With little more than two months before the municipal elections, the Kenai City Council ballot is filling up.
Four seats are up for grabs this year: the position of mayor, two council seats belonging to incumbents Jim Bookey and Joe Moore and the seat vacated by Bill Frazer, who has moved to Arizona.
Council member Duane Bannock has announced an attempt to unseat 15-year incumbent Mayor John Williams, who has not committed to seeking re-election, despite saying he will not just hand the position to a challenger.
Council member Linda Swarner has said she is considering a run for mayor, but also has not committed.
Bookey has said his running for mayor was "the $64,000 question." He was unavailable for comment as to his plans for re-election to the council.
Moore has confirmed his intentions to seek election to a third term on the council.
The way the election is run, those seeking a three-year council seat will run for the two available -- Moore and Bookey's -- with the top two vote-getters being seated. Those seeking a two-year seat will run against each other for the one seat available -- Frazer's. Since Frazer resigned in the first year of his new term, the person elected will fill out the last two years of the term.
Seeking election to the council for the first time are Amy Jackman and Randy Daly.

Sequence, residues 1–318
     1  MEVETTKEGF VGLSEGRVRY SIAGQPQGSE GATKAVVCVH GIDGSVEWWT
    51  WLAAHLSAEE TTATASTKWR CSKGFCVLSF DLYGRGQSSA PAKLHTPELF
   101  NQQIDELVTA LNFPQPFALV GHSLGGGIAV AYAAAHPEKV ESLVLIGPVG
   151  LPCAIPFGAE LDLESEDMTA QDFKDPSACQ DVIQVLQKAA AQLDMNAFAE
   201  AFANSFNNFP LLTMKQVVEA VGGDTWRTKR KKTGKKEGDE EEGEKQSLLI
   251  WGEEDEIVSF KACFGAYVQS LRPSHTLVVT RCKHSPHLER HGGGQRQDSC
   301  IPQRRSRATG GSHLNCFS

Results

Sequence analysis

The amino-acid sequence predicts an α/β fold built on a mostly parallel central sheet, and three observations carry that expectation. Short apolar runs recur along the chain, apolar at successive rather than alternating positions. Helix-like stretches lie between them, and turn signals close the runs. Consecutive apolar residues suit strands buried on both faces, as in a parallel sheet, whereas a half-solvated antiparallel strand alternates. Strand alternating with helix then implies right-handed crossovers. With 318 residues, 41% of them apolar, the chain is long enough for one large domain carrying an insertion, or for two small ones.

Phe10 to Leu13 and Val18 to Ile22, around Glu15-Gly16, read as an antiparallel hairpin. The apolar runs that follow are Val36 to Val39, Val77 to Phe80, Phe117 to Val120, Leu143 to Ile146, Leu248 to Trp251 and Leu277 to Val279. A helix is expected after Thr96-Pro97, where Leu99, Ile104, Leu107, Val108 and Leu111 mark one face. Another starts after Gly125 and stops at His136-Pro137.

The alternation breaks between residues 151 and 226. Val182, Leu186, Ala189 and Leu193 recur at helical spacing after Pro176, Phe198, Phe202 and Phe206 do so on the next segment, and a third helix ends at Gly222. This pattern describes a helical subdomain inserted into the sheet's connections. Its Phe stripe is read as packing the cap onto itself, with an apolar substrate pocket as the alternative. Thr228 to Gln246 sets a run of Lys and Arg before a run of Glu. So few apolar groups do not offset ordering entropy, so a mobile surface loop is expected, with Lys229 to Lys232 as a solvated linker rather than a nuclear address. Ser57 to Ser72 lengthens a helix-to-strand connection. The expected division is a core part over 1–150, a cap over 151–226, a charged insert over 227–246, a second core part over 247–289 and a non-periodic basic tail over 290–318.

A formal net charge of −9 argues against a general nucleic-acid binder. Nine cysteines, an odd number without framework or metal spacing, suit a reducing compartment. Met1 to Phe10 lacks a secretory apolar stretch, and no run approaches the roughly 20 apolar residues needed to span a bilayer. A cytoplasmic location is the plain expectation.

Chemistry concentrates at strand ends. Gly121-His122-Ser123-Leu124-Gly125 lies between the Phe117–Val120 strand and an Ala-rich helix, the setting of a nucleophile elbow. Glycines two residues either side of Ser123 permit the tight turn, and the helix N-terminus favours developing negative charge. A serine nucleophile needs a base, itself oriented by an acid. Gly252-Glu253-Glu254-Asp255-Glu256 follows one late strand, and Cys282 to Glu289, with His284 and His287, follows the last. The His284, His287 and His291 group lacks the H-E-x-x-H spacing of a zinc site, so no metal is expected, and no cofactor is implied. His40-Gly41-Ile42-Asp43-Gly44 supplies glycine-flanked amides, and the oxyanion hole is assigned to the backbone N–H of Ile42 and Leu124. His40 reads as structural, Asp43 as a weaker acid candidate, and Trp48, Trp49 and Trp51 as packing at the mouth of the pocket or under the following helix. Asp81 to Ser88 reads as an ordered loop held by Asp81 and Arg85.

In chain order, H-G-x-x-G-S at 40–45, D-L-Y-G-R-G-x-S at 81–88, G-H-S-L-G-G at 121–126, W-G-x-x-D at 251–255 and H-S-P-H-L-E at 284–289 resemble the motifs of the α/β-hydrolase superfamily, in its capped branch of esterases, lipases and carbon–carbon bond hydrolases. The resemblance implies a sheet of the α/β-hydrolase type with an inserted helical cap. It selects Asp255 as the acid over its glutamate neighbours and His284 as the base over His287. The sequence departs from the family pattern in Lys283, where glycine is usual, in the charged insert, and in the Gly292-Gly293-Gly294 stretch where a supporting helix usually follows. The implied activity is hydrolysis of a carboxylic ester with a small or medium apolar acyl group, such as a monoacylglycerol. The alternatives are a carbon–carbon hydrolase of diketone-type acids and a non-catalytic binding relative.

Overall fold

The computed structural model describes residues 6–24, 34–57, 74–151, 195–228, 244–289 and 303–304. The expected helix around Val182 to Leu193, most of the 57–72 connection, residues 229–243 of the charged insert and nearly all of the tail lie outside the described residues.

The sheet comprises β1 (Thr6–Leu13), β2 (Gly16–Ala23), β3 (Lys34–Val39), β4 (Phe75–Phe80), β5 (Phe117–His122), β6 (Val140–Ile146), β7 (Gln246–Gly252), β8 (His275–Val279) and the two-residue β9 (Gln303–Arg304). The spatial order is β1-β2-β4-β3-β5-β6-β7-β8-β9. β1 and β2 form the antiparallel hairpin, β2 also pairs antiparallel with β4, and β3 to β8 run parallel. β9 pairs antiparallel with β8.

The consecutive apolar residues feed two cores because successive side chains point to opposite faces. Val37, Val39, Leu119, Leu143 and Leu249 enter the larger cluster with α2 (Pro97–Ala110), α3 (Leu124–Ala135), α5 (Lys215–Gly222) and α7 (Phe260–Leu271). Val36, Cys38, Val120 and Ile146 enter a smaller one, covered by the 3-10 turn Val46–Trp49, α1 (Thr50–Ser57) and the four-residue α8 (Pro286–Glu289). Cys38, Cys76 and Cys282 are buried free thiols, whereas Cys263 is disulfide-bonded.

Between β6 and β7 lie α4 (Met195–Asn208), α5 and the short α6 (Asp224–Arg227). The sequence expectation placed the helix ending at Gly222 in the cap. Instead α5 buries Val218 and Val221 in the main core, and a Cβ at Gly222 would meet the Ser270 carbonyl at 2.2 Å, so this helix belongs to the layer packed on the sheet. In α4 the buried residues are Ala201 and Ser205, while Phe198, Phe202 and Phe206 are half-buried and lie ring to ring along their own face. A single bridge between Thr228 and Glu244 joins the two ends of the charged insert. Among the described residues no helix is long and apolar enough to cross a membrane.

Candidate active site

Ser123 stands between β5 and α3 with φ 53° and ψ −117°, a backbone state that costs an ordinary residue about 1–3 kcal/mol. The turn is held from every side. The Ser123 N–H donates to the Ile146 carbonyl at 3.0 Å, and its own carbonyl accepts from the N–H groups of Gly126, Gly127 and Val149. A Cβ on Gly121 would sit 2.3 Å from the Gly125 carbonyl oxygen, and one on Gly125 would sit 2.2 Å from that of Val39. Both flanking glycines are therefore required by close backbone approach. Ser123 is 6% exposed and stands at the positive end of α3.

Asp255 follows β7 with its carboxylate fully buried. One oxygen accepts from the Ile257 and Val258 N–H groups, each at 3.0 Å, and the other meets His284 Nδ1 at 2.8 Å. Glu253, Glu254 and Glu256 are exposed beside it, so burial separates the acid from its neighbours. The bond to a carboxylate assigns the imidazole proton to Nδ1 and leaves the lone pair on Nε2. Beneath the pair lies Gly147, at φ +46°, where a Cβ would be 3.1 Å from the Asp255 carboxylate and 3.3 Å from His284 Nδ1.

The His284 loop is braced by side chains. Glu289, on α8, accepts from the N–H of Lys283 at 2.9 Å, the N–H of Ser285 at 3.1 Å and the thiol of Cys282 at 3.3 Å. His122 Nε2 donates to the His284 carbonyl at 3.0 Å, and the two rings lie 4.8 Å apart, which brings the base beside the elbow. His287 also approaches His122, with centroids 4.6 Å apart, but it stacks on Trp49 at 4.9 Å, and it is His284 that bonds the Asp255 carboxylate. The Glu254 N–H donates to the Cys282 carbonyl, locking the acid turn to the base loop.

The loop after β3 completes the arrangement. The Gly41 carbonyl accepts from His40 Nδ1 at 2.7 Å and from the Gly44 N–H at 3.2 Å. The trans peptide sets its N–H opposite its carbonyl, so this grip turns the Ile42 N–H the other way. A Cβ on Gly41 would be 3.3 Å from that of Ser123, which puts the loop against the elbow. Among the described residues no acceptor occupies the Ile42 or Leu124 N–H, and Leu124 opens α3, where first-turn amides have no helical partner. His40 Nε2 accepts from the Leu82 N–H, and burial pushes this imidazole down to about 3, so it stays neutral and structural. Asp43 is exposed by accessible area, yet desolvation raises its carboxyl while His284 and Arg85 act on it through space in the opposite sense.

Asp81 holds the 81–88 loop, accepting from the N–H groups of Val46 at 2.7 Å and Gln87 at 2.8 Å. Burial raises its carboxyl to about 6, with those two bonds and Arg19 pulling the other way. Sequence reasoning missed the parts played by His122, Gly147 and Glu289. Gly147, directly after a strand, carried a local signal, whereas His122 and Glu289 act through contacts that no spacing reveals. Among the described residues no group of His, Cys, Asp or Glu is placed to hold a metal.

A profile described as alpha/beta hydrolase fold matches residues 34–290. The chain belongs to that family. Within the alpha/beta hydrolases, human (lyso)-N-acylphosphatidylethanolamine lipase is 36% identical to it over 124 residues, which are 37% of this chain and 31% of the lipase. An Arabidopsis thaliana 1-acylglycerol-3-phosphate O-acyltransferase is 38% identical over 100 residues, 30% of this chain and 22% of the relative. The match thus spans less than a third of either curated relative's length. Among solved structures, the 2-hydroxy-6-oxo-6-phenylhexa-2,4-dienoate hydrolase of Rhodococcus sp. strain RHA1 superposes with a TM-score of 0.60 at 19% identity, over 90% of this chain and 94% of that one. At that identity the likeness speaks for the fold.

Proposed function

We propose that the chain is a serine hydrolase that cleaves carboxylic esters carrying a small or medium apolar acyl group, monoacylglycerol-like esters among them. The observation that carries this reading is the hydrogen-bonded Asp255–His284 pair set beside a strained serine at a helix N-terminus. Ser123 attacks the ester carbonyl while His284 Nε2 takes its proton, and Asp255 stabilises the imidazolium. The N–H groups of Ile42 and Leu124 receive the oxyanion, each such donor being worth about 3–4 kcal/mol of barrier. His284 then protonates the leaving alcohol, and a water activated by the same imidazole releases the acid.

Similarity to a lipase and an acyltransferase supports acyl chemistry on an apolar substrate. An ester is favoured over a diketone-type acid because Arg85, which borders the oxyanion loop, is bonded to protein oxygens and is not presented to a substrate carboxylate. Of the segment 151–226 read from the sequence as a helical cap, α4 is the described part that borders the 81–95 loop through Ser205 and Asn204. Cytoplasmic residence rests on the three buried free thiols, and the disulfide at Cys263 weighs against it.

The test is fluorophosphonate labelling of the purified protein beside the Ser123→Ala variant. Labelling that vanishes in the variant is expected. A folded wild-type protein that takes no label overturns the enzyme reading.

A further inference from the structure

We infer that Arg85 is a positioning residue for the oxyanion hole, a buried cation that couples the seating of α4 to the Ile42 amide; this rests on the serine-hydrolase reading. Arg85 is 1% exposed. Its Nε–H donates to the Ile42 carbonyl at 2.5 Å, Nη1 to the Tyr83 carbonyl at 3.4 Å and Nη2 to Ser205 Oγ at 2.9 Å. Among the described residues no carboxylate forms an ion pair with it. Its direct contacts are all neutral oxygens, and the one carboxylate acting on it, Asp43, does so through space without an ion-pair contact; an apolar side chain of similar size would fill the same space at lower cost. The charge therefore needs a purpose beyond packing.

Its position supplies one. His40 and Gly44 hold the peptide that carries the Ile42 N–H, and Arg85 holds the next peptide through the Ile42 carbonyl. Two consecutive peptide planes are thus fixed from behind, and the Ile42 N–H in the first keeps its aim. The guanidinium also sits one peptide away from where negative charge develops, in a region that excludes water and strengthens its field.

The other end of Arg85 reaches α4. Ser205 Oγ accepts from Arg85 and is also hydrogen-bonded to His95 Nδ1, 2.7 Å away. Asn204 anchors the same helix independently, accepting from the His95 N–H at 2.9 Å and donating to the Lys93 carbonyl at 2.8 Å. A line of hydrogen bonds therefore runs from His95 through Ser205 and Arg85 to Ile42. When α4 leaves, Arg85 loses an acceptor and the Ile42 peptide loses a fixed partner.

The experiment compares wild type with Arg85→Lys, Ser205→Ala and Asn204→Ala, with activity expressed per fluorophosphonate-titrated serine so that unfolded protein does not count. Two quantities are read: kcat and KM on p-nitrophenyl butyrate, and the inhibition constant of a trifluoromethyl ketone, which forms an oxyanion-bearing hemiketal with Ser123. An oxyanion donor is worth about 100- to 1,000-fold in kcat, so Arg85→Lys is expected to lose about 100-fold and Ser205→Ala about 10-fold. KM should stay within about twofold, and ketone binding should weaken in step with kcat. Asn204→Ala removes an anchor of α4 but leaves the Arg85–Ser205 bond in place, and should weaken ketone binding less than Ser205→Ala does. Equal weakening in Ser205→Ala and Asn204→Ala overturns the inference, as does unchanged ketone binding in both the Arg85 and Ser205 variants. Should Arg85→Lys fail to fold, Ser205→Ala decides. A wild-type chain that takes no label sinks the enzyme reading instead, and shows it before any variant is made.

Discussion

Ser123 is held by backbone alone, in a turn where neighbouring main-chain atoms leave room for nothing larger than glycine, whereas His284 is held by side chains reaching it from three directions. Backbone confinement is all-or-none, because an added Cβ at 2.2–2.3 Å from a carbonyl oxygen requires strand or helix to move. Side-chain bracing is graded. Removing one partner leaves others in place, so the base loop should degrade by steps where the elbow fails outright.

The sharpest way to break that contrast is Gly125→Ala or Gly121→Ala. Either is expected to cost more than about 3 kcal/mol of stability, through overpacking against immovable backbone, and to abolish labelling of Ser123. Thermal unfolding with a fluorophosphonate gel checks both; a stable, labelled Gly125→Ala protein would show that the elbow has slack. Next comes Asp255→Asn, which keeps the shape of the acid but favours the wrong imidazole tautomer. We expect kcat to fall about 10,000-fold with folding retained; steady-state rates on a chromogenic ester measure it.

n Amy Jackman
Jackman, soon to be 30, said she is seeking the office because of her interest in serving the community. She said she is leaning toward running for the two-year seat, but she hasn't made a decision yet.
Jackman's husband is Bruce; they have two children, daughter, Jordan, 6, and son, Joshua, 3. She has lived in Kenai off and on since the mid-1980s, and permanently since 1993.
Jackman works as a marketing consultant for KSRM radio and she and her husband own rental property in the city. She is a current member of the Kenai Planning and Zoning Commission.
"I wanted to get on Planning and Zoning to get a feel for how the system works. It was kind of a stepping stone to the city council," she said. "I didn't want to go in (to the council) and not know how anything works."
She said her interest in running stems from the increased role people her age are taking as parents, in business and society.
"A lot of things are changing and it's a good opportunity for some new blood," she said. "I think I'd be very representative of a huge portion of our community."
She was quick to add that she is not dissatisfied with the job the current council is doing.
"They genuinely care about the community," she said. "My thinking is if I go in now, I'll have the opportunity to sit with and learn from the council members that have been there."
She said that while economic development is good, it can't happen if the city is not attractive enough to draw new homes, businesses and people to it.
"We can't just say 'let's have new businesses' and have people come. We need to pave more roads, have more streetlights, homes and neighborhoods," she said.